My Dad decided against cardiac surgery. He decided this in the hospital after frank discussions with his cardiologist, who has treated my Dad for 15 years. Dad trusts him. Within two days of taking Dad home from the hospital, the cardiac surgeon had called/talked with him once about surgery, and then he got two additional phone calls from the surgeon’s office confirming follow-up appointments with them. At first Dad interpreted these calls as proof that perhaps he should have surgery after all—that the surgeon’s thought he was a good candidate for heart valve replacement. He admitted to being confused as to what to think. I tried to not show my frustration at the health care system and told him he should go to the appointment if he needed more information. He thought about it through lunch and then told me “I don’t want to open that up again.” He got yet another automated telephone message the next day confirming his cardiac surgery appointment. By that time he had already told at least three of their office staff that he wished to cancel and didn’t want surgery. I explained that the medical system has a life of its own and just won’t take ‘no’ for an answer.
Today on the phone, my 87-year-old father asked me to be his patient advocate. He is facing tough health care decisions over the condition of his heart, and is scheduled for surgery in a week. He is a practical man, bright, charming, and articulate, with no cognitive deficits that I can detect. He told me where his Living Will and Advanced Directives are, where he wants his body donated for medical research, and what to do when his CD matures (he’ll be in surgery) so that he can roll it over to a money market account. He says he needs access to the money for his after-hospital care, in case he survives surgery. I am thinking about the health policy issues within all of this: 1) heart failure accounts for the largest portion of Medicare expenditures, 2) none of his doctors have talked with him about what all is involved with this surgery, or what quality and quantity of life he can hope for afterward, and 3) home care provided by family members is not well supported (financially and otherwise) in our country. As his daughter and as a family member embedded in the health care system, what do I do with this information?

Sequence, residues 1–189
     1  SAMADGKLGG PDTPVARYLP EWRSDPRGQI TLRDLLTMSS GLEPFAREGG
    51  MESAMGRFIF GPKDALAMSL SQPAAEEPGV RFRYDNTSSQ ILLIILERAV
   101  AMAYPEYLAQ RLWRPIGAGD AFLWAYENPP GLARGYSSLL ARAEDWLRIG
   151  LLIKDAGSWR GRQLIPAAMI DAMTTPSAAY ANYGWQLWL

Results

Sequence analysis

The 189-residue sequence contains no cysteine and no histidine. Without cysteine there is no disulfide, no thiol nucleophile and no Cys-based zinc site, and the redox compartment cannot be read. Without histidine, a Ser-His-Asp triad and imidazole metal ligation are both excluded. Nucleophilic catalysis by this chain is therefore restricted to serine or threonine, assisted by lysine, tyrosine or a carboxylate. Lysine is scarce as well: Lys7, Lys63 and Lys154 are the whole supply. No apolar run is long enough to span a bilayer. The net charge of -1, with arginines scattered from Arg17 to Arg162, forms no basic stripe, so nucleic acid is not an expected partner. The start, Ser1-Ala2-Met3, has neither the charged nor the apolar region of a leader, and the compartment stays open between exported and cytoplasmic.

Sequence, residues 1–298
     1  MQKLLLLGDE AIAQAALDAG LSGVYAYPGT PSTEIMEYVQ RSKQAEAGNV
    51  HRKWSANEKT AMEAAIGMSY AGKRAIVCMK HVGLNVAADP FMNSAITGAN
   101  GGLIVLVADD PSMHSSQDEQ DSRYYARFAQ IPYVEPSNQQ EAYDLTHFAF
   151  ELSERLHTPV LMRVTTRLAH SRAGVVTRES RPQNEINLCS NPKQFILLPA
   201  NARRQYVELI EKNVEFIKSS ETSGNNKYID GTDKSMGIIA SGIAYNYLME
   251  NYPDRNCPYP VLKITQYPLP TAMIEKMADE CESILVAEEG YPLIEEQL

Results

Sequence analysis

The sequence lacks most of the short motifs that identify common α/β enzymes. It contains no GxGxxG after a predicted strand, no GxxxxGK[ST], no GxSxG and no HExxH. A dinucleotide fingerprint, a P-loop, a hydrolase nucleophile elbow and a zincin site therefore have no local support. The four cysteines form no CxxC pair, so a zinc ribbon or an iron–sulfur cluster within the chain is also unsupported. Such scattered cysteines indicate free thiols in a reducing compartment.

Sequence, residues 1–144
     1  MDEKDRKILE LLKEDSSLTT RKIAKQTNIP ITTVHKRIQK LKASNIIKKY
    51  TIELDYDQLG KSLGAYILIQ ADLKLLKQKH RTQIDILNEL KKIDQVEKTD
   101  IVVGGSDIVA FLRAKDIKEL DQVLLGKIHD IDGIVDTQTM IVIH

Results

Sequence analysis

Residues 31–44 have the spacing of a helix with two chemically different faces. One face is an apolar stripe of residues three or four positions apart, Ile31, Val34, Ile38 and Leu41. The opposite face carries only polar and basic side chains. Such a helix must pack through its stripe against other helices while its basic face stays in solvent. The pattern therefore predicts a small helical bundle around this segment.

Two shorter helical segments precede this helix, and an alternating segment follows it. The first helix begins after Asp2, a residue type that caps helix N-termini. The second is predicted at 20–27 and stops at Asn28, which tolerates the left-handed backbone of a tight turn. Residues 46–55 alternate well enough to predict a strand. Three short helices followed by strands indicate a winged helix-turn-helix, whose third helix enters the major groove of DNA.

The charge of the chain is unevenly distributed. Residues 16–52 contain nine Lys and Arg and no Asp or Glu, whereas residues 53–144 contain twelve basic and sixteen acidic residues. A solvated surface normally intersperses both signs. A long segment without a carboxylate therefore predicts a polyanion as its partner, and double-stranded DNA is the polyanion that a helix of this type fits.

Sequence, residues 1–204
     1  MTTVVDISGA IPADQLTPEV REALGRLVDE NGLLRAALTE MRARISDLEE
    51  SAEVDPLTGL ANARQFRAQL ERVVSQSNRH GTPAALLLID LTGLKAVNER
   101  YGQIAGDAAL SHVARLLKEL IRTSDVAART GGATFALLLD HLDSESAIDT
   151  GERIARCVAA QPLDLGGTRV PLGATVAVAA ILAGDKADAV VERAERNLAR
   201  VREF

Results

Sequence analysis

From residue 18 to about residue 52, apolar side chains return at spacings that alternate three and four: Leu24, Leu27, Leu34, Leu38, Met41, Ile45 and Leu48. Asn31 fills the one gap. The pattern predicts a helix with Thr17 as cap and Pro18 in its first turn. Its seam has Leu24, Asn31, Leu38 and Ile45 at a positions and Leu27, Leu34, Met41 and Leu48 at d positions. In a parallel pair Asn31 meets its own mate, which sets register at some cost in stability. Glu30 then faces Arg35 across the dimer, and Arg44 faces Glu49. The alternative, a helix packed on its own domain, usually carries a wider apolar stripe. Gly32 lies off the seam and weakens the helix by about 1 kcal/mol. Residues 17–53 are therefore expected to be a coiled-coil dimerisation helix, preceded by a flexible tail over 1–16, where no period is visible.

Perhaps there is a story here for possible future submission to Health Affair’s Narrative Matters (http://www.healthaffairs.org/NM.php). (Note: if you are interested in health policy and narrative and don’t know about this already, it is a wonderful non-technical resource). I even look up the submission guidelines. Coping comes in strange forms for someone like me who has always been a compulsive writer. I take some comfort in having read today that Roald Dahl did something similar when his favorite daughter Olivia died of complications from measles. He supposedly wrote out a very dispassionate account of the events surrounding her death. He wrote this in a school notebook and stored it in a desk drawer in his writer’s hut. (I do realize the important difference here between public and private musings, a topic for a future blog entry). Maybe this is a heavy topic to start out a blog on. But it is real and it is in line with the sorts of things I want to deal with in Medical Margins: the intersection of story/narrative and health care, and of people and topics that are marginalized. My Dad agrees to have parts of his story told here. As I said, he is a practical man.